This, except we still get cable. I just don't watch the news. DH and I were in a hotel Saturday night on our way home from a trip and he had a news station on. After 10 minutes going on an on about war, young American solders getting maimed by IEDs, etc., I had to ask him to change the station. It's important for me to know it's happening but I don't need to dwell on the gory details.

I get my news from BBC podcasts as well as a couple of video podcasts in French and German. This gives me another point of view, helps me with my fluency, and allows me to fast-forward to the next item if I'm getting too depressed. We also get the daily paper so I can fill in the gaps where something got lost in translation.

Last week we were in a remote cave in Alaska (El Capitan) and the ranger there hadn't heard of the dramatic rescue last month of the caver in Berchtesgaden, Germany who sustained a serious head injury during a rockslide (he was wearing a helmet) and was finally brought out of the cave (Germany's deepest) 12 days later. I was happy to share news that hadn't gotten quite that far!
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Old 07-14-2014, 01:46 PM   #11
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I figure it is time to turn the future over to the younger people. It's theirs to fix and build. It's theirs to break and ruin. I can't see choosing to be perpetually angry/sad/upset/frustrated/anxious about every little inane pop-news item that arises. I got a Roku box with Netflix and Amazon Prime. I also got a 8.9 inch Kindle HDX. No news allowed except as my husband expresses an interest.
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Old 07-14-2014, 02:14 PM   #12
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Interesting timing, given the recent blog from Stossel.

Real news takes time...

Clueless reporters: The important news you're missing | Fox News
Interesting blog, but unfortunately that kind of news doesn't sell. By that I mean there is a difference in what heavy news users say they want and what will really consume.

Strictly speaking about local news, news topics and viewing behaviors of news viewers has always been highly researched. Weather always leads the way as the topic viewers most want, followed by crime. 9/11 marked the beginning of a change in what the public wants and it revolves around 'keeping the family safe' thus crime reporting is very important when it is happening in your neighborhood. With that noted, the local news operation is left to make the decision as to become the 'hard' news station with the sensationalistic approach or take a less bombastic approach. You'll generally see the #3 station in a market is the loudest (trying to get attention, like the youngest child) and the dominant station is more reserved in presentation. Some markets are hard news markets and some are more conservative... seems to relate to median income of the population just like poverty and high crime rates are related.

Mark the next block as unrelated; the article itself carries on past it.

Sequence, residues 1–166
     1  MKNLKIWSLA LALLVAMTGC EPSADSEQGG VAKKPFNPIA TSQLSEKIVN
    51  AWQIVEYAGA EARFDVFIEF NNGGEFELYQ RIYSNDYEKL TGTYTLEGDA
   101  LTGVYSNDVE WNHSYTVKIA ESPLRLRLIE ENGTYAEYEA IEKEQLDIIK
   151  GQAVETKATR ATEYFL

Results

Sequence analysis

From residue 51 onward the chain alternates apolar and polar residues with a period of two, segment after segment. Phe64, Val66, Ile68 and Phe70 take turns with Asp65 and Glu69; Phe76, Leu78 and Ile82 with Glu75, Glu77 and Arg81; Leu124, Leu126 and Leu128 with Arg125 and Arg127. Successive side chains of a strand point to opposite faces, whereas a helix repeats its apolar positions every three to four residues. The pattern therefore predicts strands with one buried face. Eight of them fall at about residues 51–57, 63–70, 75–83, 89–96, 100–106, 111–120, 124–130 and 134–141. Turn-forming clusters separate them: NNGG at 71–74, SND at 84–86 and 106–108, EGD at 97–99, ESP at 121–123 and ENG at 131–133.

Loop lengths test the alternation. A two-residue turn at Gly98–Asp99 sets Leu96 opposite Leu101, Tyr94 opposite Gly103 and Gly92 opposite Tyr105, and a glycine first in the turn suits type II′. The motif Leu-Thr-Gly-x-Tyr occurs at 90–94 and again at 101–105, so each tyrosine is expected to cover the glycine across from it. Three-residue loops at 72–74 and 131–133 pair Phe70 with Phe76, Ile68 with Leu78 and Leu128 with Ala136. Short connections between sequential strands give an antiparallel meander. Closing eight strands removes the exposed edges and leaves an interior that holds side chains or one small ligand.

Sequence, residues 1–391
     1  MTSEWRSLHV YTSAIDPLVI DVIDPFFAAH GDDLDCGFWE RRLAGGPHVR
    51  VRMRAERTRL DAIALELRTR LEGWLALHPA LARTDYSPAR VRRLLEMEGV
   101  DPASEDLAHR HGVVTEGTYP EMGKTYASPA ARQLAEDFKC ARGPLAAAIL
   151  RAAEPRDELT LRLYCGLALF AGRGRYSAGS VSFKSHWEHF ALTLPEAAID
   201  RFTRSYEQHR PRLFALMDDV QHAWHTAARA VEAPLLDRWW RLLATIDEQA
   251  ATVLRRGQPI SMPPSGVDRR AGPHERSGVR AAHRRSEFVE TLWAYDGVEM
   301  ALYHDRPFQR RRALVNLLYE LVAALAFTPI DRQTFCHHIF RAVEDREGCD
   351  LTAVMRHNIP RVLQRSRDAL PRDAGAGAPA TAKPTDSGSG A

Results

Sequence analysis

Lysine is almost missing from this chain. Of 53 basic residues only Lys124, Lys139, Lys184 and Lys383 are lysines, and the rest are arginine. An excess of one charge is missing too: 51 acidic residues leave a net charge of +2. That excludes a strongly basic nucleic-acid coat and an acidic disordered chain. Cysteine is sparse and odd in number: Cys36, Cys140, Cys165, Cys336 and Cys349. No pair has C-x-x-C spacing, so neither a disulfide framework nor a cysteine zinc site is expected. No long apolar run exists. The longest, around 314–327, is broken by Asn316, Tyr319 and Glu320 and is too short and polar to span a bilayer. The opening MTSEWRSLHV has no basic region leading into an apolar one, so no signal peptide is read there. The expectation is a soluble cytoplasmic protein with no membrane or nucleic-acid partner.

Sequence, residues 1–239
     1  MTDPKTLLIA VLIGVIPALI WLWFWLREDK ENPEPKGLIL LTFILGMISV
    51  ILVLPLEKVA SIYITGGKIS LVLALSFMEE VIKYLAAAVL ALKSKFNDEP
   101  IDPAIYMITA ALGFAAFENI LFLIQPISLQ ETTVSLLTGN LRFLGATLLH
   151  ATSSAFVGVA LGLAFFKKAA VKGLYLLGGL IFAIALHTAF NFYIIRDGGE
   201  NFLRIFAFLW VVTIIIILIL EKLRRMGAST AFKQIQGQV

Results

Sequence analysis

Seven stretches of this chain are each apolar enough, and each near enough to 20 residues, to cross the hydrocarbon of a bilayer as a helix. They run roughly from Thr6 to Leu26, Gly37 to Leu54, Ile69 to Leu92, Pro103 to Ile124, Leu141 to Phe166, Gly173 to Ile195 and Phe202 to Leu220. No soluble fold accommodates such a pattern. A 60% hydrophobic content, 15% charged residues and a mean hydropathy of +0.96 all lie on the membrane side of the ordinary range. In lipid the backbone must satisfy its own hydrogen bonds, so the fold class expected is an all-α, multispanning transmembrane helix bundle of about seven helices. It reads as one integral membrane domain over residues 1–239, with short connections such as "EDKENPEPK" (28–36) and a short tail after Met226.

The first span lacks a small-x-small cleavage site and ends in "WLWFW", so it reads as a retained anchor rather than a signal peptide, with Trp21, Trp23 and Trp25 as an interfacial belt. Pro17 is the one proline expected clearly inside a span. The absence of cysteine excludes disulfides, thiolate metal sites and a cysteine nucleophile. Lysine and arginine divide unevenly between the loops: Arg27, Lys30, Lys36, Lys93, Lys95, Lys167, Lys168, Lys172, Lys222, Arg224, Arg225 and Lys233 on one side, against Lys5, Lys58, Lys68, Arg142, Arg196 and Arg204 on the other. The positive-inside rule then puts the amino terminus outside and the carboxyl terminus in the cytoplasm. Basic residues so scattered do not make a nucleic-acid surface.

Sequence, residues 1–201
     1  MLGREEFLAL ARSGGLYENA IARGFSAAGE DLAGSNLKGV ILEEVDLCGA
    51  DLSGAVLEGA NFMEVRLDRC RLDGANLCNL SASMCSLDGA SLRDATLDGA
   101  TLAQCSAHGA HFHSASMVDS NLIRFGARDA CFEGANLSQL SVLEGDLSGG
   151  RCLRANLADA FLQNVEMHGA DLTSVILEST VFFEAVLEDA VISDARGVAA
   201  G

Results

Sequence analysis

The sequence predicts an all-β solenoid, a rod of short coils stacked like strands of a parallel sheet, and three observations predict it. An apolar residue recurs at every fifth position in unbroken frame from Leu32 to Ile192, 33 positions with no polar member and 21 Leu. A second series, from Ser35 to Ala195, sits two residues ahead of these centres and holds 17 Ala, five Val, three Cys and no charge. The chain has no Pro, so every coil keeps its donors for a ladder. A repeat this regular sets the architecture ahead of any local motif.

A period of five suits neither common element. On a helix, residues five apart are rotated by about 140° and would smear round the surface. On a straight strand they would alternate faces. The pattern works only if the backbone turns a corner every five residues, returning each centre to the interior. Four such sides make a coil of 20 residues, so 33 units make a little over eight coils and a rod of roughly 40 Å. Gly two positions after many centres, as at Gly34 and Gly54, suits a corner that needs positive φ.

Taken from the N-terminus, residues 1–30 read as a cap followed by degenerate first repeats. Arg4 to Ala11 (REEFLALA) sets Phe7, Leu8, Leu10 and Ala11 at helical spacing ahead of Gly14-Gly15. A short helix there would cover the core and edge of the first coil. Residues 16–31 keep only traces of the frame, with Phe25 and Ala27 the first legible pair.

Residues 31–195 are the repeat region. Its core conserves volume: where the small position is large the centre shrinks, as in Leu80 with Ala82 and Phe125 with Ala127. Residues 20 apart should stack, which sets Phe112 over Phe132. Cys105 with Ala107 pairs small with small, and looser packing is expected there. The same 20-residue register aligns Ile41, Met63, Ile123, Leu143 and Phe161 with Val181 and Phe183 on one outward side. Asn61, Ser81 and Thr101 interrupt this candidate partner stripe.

There was a station a few years ago that promoted a 'good news only' newscast which the viewers loudly applauded and promptly changed the channel. Only lasted a few weeks.

What disturbs me is the demise of the newspaper business model. So many newspapers are on their way out of business and with that in depth, investigative reporting will suffer and we will be left with bloggers and social media trying to fill that void. Accuracy and factual reporting are no longer standards of the Fifth Estate.

My thoughts are related to local media and not the national mass media.. that is a different ball game of which I have an opinion, but I'm not qualified to comment on.
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Old 07-14-2014, 03:16 PM   #13
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Except for a few newspapers of record, I shut the news out of my life. It's mostly fluff anyways.
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Old 07-14-2014, 05:50 PM   #14
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What disturbs me is the demise of the newspaper business model. So many newspapers are on their way out of business and with that in depth, investigative reporting will suffer and we will be left with bloggers and social media trying to fill that void. Accuracy and factual reporting are no longer standards of the Fifth Estate.
That troubles me too. I just read an article about the death of photojournalism as a career. So many have dismantled their photo staffs relying instead on the occasional photo contract or mostly on photos that people will send in for free. And the loss in quality shows.

But I feel free to turn off the bad news simply because too much gets depressing and alters one's view of life.
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Old 07-14-2014, 06:02 PM   #15